james-walsh-150x150Post Author: James W. teaches guitar lessons in Jacksonville, FL. He specializes in teaching pop, rock, and modern country styles. James has been teaching for 10 years. Learn more about James here!


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Photo by Ted Van Pelt

easy guitar songs for beginners

Throwback Thursday: 5 Easy Guitar Songs From The 90’s

easy guitar songs for beginners

Ready for a blast from the past? Guitar teacher Collin K. shares five easy guitar songs for beginners that will take you back to the 90’s…

From grunge to ska punk, the 1990’s were a diverse and exciting time for rock music. Some songs stand out in particular for their highly creative, yet not-so-difficult guitar work. In this article, I will give you the tools you need to get playing five of the most iconic 90’s rock songs!

Before we begin: This article uses chord diagrams and tablature for notation. Tablature is an easy shorthand that shows you which fret on which string to put your finger, but it doesn’t give you any information about rhythm. I recommend listening to the tracks and getting a sense of the rhythm when you sit down to learn. Don’t worry, it’s easy!

1. “Today” by The Smashing Pumpkins

One of The Smashing Pumpkins’ radio hits from Siamese Dream, this track features a powerful wall of guitars and a catchy chorus. It’s also a great way to get accustomed to two guitar techniques that defined 90’s rock: two-string melodies and barre chords.

Two-string melodies, like the intro guitar lick, rely on the player holding his or her fingers down over two strings at the same time so that both continue to ring out after they are plucked. In this case, use your index finger to hold down the eleventh fret on both strings. Then, use your middle finger for the thirteenth fret and your ring finger for the fifteenth fret.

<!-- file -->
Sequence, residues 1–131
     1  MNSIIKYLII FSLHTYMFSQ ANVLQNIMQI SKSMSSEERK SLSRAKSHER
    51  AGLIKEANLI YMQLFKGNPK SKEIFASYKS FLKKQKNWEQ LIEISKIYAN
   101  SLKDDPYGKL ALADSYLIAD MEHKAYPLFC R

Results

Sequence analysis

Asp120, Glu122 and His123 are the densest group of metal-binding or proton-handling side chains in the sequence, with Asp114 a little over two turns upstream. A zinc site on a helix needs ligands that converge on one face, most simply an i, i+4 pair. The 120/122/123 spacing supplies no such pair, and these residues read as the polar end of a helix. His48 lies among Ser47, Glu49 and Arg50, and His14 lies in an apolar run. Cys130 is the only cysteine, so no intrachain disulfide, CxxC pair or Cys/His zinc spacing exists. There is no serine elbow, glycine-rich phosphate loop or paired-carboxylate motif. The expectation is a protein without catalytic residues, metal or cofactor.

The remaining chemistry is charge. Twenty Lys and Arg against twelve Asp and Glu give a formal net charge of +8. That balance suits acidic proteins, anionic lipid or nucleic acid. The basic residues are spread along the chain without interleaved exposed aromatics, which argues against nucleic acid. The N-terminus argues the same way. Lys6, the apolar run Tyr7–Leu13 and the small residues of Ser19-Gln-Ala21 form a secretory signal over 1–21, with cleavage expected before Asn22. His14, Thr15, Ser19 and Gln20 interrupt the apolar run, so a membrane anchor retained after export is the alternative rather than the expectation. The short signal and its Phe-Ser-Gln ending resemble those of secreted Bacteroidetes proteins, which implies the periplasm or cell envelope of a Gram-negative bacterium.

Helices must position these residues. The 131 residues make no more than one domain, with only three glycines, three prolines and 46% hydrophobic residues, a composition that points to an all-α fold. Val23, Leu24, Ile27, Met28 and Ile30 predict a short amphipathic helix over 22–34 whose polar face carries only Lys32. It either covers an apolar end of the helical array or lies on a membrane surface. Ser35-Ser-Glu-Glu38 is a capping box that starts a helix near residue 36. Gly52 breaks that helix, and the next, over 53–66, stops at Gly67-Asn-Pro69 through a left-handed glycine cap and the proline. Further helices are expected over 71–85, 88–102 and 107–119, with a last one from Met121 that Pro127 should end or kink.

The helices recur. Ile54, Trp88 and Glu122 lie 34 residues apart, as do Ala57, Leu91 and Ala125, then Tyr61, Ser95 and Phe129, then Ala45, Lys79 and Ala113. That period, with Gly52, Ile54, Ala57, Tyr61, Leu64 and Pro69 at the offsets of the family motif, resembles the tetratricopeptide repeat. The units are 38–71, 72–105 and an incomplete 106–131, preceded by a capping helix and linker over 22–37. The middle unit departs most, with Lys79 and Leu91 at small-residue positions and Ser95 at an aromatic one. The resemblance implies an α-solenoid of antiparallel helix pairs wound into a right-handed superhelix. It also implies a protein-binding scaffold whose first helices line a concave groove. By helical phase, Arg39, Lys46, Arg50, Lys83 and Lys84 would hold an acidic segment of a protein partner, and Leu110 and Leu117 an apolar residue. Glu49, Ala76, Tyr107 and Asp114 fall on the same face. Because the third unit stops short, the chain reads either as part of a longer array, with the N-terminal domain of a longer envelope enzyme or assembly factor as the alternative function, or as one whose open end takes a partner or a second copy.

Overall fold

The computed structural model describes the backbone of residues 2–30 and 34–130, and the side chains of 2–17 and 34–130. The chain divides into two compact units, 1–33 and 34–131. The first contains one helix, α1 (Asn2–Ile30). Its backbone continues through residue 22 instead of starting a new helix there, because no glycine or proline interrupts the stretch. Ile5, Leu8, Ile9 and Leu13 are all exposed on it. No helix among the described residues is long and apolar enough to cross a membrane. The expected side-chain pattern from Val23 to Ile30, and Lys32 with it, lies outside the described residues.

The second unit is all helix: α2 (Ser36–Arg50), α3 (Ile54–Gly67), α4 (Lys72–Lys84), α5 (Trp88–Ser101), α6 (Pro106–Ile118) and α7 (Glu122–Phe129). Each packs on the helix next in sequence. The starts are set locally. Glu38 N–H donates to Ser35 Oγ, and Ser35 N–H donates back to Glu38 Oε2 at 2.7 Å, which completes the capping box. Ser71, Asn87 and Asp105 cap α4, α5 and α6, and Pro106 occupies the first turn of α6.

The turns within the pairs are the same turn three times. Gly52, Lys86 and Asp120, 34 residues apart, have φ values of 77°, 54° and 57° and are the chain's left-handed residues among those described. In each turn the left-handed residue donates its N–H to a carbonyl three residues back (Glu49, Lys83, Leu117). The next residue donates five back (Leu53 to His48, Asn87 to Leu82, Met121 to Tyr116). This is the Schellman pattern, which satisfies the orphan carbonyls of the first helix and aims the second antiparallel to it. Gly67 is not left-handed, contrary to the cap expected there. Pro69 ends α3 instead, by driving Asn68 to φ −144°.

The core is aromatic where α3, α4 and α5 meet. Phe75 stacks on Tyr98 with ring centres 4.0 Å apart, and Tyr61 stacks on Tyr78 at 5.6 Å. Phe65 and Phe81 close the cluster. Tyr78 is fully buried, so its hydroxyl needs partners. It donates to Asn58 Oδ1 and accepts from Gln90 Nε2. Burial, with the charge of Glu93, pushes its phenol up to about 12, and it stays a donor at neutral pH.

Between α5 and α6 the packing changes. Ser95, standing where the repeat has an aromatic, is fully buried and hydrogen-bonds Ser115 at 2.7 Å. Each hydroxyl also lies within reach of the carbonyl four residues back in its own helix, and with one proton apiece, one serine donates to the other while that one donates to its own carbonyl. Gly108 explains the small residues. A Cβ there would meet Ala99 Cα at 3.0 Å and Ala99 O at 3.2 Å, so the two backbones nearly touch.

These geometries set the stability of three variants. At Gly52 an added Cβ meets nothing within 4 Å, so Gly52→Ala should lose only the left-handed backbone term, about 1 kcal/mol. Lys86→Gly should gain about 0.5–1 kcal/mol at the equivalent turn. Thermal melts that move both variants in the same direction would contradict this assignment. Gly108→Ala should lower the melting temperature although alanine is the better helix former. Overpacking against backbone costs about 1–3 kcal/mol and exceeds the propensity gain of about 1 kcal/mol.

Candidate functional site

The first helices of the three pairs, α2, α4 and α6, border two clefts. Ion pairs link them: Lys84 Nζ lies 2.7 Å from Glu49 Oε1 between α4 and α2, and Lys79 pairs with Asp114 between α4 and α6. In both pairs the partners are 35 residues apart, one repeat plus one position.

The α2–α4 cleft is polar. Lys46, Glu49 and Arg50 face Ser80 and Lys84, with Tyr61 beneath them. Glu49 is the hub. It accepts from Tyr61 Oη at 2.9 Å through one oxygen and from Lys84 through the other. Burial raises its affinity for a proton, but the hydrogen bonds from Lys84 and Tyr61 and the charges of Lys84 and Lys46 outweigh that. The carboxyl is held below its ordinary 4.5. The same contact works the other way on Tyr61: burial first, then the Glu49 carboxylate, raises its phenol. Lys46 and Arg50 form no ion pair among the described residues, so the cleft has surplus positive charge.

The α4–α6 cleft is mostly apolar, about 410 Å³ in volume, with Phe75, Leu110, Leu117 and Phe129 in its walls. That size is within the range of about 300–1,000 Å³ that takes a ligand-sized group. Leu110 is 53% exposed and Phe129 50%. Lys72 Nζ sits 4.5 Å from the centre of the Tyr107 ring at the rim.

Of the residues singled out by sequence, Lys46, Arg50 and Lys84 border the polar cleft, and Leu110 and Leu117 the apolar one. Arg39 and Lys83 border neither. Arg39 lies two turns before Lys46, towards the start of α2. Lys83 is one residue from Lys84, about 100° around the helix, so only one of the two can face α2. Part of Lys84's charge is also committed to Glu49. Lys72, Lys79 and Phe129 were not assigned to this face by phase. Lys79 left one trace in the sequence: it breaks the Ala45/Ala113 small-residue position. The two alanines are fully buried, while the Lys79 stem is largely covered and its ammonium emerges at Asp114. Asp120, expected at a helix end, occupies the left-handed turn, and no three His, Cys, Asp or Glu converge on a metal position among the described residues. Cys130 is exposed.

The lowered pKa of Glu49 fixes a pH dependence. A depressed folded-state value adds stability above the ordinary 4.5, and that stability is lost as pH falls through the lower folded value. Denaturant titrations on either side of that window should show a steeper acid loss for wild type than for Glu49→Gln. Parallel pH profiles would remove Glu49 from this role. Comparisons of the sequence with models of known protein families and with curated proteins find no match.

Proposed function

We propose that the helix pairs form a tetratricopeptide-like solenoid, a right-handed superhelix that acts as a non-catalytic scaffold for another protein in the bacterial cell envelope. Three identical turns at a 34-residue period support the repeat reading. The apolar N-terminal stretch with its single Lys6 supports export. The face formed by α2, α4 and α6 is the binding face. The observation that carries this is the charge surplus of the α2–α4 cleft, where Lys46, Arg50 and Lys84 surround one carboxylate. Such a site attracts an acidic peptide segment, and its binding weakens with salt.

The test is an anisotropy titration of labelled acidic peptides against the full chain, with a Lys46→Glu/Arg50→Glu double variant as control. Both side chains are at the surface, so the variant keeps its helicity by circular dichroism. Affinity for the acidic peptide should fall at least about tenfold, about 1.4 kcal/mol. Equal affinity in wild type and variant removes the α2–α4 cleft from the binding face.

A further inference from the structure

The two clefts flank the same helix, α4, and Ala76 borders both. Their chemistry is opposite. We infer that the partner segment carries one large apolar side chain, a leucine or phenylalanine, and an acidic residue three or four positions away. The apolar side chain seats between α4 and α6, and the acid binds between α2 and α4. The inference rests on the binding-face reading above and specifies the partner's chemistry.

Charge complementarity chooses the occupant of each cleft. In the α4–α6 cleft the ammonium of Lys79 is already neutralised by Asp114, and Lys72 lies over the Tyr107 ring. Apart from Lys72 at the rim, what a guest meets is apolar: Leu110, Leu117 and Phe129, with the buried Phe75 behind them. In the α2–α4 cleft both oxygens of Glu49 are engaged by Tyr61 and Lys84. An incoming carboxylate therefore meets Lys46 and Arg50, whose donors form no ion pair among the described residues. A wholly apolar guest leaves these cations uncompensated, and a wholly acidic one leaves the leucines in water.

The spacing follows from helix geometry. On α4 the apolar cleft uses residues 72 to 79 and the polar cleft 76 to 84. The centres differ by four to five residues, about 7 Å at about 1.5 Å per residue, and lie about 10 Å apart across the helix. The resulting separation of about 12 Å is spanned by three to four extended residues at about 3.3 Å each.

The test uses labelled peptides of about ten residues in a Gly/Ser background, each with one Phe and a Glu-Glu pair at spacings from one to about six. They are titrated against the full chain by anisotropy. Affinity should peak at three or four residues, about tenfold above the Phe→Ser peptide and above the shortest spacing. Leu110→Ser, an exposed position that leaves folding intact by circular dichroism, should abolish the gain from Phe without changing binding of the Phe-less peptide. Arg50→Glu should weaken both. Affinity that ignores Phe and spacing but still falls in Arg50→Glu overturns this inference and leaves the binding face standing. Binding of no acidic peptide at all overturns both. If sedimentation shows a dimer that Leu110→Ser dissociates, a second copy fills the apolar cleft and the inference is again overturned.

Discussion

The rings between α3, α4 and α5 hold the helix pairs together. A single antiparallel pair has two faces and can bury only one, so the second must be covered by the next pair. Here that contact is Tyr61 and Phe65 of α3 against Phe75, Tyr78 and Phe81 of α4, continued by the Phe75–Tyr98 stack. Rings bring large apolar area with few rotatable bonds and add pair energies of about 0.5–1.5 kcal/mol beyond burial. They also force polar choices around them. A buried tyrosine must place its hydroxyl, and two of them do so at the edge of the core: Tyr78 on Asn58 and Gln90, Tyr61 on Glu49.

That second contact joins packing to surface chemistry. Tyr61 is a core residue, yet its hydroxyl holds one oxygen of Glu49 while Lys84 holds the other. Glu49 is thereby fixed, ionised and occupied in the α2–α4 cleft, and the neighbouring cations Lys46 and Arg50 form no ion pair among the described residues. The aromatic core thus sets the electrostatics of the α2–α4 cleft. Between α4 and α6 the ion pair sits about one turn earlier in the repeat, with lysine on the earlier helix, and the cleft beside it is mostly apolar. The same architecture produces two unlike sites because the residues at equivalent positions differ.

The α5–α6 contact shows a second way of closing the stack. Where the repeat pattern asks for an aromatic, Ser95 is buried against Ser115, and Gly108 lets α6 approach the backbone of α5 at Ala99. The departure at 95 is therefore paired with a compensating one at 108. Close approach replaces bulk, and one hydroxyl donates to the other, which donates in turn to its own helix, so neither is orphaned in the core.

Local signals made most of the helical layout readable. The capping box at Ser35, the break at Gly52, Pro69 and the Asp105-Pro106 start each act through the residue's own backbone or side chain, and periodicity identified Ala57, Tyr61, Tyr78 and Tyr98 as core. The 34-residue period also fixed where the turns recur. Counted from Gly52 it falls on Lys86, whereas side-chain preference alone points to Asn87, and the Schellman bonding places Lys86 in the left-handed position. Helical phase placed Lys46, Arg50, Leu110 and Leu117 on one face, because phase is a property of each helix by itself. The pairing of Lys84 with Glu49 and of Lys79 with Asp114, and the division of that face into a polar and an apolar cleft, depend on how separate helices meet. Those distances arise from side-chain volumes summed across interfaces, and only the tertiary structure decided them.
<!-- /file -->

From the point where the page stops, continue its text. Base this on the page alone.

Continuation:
Intro Riff:

Today Intro Riff




Barre chords are based on a movable chord shape, which means you can use the same fingering to play a chord at any fret you want! They also require you to place your index finger down over all strings at the fret you are “barring.” For example, “Today” uses the following chords:
Eb Major, Bb Major, Ab Major, C Minor, F Major, G Major

easy guitar songs for beginners

Eb Bb Ab
Today is the greatest day I’ve ever known
Eb Bb Ab
Can’t live for tomorrow, tomorrow’s much too long
Eb Bb Ab Eb Bb Cm
I’ll burn my eyes out before I get out

F Ab C F Ab Cm
I wanted more than life could ever grant me
F Ab C F Ab G
Bored by the chore of saving face

Eb Bb Ab
Today is the greatest day I’ve ever known
Eb Bb Ab
Can’t wait for tomorrow, I might not have that long
Eb Bb Ab Eb Bb Cm
I’ll tear my heart out before I get out

Eb Bb Eb Ab Eb Bb Eb Ab
Today is.. today is.. today is.. the greatest.
Eb Bb C Ab Eb Bb Cm
Day hee-yay, oo oo ooo ooo ooo…. Day hee-yay-ay, hooo…

Placing your finger down across the entire neck can be tricky at first, but keep practicing, and it will pay off! This technique is very common. If you can’t do it at first (and there’s no shame in doing this!), you can substitute the barre chords for power chords. Power chords are basically just barre chords that omit everything but the first two or three strings, resulting in an “open” sound that goes great with a ton of distortion.

2. “Wonderwall” by Oasis

Everyone’s learned this song at some point – it’s practically THE acoustic guitar song of the 90’s. Central to the song’s playing technique is its exclusive use of G position chords in the verses. These are chords that revolve around the open G Major chord position. Basically, it means that your last two fingers don’t ever have to leave the third fret.
G Major, A7sus4, Dsus4, Em7, Cadd9

easy guitar songs for beginners

This technique sounds really cool, and it makes the song easier to play since you only have to move two fingers!

Oasis plays “Wonderwall” with a capo on the third fret, but this isn’t necessary. Play it wherever you think it sounds good!

Em7 G
Today is gonna be the day
Dsus4 A7sus4
That they’re gonna throw it back to you
Em7 G
By now you should’ve somehow
Dsus4 A7sus4
Realized what you gotta do
Em7 G
I don’t believe that anybody
Dsus4 A7sus4
Feels the way I do
Em7 G Dsus4 A7sus4
About you now

C D Em
And all the roads we have to walk are winding
C D Em
And all the lights that lead us there are blinding
There are many things that I
G G/f# Em A7sus4
Would like to say to you but I don’t know how

Cadd9 Em7 G
Because maybe
Em7 Cadd9 Em7 G
You’re gonna be the one that saves me
Cadd9 Em7 G
And after all
Cadd9 Em7 G A7sus4
You’re my wonderwall